Hydrolysis of Reactive Dye | Removing Process of Hydrolysis of Reactive Dye | Why Low Affinity Reactive Dyes are Preferred for Dyeing?

Hydrolysis of Reactive Dye:
Under alkaline condition reactive dyes react with the terminal hydroxyl group of cellulose. But if the solution of the dye is kept for long time its concentration drops. Then the dye react with the hydroxyl group of water. This reaction of dye with water is known as hydrolysis of reactive dye. After hydrolysis dye cannot react with fibre. So hydrolysis increases the loss of dyes.

This hydrolysis occurs in two stages. At first the concentration of dye initially increases and then begins to decrease. Where as the concentration of hydroxyl compound increases continuously. Then the hydroxyl compound cannot react with dye.

1. Hydrolysis of halogen containing reactive dye,
 D-R-Cl + H-OH  = D-R-OH + H-Cl

2. Hydrolysis of activated vinyl compound containing dye,
 D-F-CH2-CH2-OSO3H + H-OH  =  D-F- CH2-CH2-OH + H2SO4

Hydrolysis of reactive dye
Fig: Hydrolysis of reactive dye
For preventing hydrolysis the following precautions are taken—
  1. As hydrolysis increases with increasing temperature during dissolving and application temperature should not be more than 40°C.
  2. Dye and alkali solution are prepared separately and mixed just before using.
  3. Dye and alkali should not be kept for long time after mixing.
Why low affinity reactive dyes are preferred for dyeing?
If the reactivity of the dye is increased considerably, the rate of reaction with the fibre increases. There fore, the dyeing can be carried out in a short time. However in this case the rate of dye also increases, leading to deactivation of a part of the dye. This results in wastage of the dye. If on the other hand the reactivity of the dye is decreased, the extent of hydrolysis can be reduced considerably. However this results in the slower rate of reaction with the fibre also. The ultimate object of dyeing is to react as much of the dye ass possible with the fibre and minimize the hydrolysis of the dye. This is achieved in practice in two stages. The dyeing is first started from the aqueous medium under neutral conditions when the dye does not react either with the fibre or with water.

Then gluber salt or common salt is added to exhaust the dye onto the fibre as much as possible. In this respect, this stage of dyeing (exhaustion) resembles the dyeing of direct dyes on cotton. Then the second step (that of fixation or reaction with the fibre) is carried out by adding the alkali (usually used soda ash). Since the exhausted dye is already on the fibre, it is more likely that the exhausted dye reacts with the fibre in preference to water. However the dye present in the dye bath (which contains a substantial amount of the reactive dye) can now react with water since it is under alkaline condition. It is already stated that the hydrolyzed dye cannot further react with the fibre but dye to the affinity forces; it is absorbed by the fibre and is retained in it.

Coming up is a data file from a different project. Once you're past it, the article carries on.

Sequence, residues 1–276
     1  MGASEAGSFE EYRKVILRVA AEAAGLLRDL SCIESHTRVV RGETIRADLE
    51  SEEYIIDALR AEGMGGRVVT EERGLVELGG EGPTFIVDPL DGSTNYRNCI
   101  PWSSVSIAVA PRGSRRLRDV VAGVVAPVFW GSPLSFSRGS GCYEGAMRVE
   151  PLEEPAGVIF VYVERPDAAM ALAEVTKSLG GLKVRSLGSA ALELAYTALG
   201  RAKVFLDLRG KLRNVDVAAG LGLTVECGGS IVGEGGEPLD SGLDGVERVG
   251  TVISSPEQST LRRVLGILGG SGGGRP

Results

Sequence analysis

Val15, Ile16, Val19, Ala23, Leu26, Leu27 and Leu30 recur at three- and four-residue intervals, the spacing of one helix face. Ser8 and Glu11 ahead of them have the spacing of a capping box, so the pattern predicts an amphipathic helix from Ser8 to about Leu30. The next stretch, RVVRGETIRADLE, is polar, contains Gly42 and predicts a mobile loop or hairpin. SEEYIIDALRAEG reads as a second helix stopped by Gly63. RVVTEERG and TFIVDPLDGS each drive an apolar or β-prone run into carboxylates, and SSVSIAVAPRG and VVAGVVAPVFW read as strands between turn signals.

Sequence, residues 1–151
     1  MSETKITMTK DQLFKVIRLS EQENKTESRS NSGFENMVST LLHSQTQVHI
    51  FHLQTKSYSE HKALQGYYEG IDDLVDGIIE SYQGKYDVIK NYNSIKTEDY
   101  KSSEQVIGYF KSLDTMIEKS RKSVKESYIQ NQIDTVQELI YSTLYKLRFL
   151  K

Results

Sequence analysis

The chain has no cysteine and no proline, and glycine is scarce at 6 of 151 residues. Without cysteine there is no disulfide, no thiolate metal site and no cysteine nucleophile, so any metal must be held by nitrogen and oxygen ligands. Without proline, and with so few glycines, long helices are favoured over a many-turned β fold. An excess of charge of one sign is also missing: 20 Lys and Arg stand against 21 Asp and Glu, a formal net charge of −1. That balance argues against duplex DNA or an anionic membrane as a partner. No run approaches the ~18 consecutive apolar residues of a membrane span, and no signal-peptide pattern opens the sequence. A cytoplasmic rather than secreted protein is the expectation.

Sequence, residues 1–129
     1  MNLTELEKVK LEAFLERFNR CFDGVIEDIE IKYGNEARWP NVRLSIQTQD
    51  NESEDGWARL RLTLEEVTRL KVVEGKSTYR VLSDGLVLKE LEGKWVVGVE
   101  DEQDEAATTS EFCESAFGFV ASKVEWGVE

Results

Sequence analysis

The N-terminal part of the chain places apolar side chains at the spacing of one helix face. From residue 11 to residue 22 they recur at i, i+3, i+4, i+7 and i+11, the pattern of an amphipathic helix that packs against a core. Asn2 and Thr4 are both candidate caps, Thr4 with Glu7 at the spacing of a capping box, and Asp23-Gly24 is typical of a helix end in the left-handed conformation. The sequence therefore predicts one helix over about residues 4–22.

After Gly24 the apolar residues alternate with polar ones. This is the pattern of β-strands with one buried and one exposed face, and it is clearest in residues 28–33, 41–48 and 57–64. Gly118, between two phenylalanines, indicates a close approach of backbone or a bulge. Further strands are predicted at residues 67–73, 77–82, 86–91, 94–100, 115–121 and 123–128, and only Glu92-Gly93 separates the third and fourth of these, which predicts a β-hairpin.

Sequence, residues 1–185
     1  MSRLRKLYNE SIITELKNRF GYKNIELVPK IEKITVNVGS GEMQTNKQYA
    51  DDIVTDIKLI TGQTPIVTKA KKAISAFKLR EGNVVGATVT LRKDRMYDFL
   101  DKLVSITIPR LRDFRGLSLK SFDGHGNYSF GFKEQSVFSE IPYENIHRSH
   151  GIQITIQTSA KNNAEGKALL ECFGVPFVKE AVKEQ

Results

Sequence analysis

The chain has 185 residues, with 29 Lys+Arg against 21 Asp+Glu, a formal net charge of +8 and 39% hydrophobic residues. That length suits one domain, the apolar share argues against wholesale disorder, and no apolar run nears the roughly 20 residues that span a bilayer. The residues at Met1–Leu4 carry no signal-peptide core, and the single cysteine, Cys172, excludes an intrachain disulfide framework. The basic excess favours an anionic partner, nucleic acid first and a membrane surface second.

During the subsequent washing or soaping the substantivity held hydrolyzed dye gets stripped into the washing bath thereby reducing the washing fastness of the dyeing. If the affinity of the original dye is reduced to a very low value, this problem will not arise and a rigorous treatment of the dyeing with boiling soap or detergent solution removes almost all hydrolyzed dye.

However if the affinity is very low, exhaustion of the dye bath prior to fixation cannot be achieved substantially. This results in a larger amount of the reactive dye remaining in the dye bath and getting hydrolyzed when alkali is added subsequently. If the dye has high affinity for cellulose like a direct dye, it becomes difficult to remove the hydrolyzed dye from the dyeing since it is also absorbed by and retained in the fibre by fairly strong affinity forces, through not as strong ass the covalent bond formed between the dye and the fibre. Hence in actual practice low affinity dyes are selected for converting in to reactive dyes.

You have some articles on Reactive Dye:
  1. Introduction of Reactive Dye | History of Rective Dye | Uses of Reactive Dye
  2. Why So Called Reactive Dye | History of Reactive Dye | Which Fibers Can be Dyed with Reactive Dye?
  3. Chemical Structure of Reactive Dyes | Commercial Names of Reactive Dye | Properties of Reactive Dye | Popularity of Reactive Dye
  4. Classification of Reactive Dyes
  5. Hydrolysis of Reactive Dye | Removing Process of Hydrolysis of Reactive Dye | Why Low Affinity Reactive Dyes are Preferred for Dyeing?
  6. Stages/Steps Involved in Reactive Dyeing
  7. Stripping Process of Reactive Dye
  8. Important Factors of Cold Brand Reactive Dye | Factors of Reactive Dye
  9. Different Methods of Reactive Dye Application | Pad-batch Method | Pad Dry Method | Pad Steam Method
  10. Knit Dyeing with Reactive Dyes(Hot Brand) | Knit Dyeing with Hot Brand Reactive Dyes
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Mazharul Islam Kiron is a textile consultant and researcher on online business promotion. He is working with one European textile machinery company as a country agent. He is also a contributor of Wikipedia.

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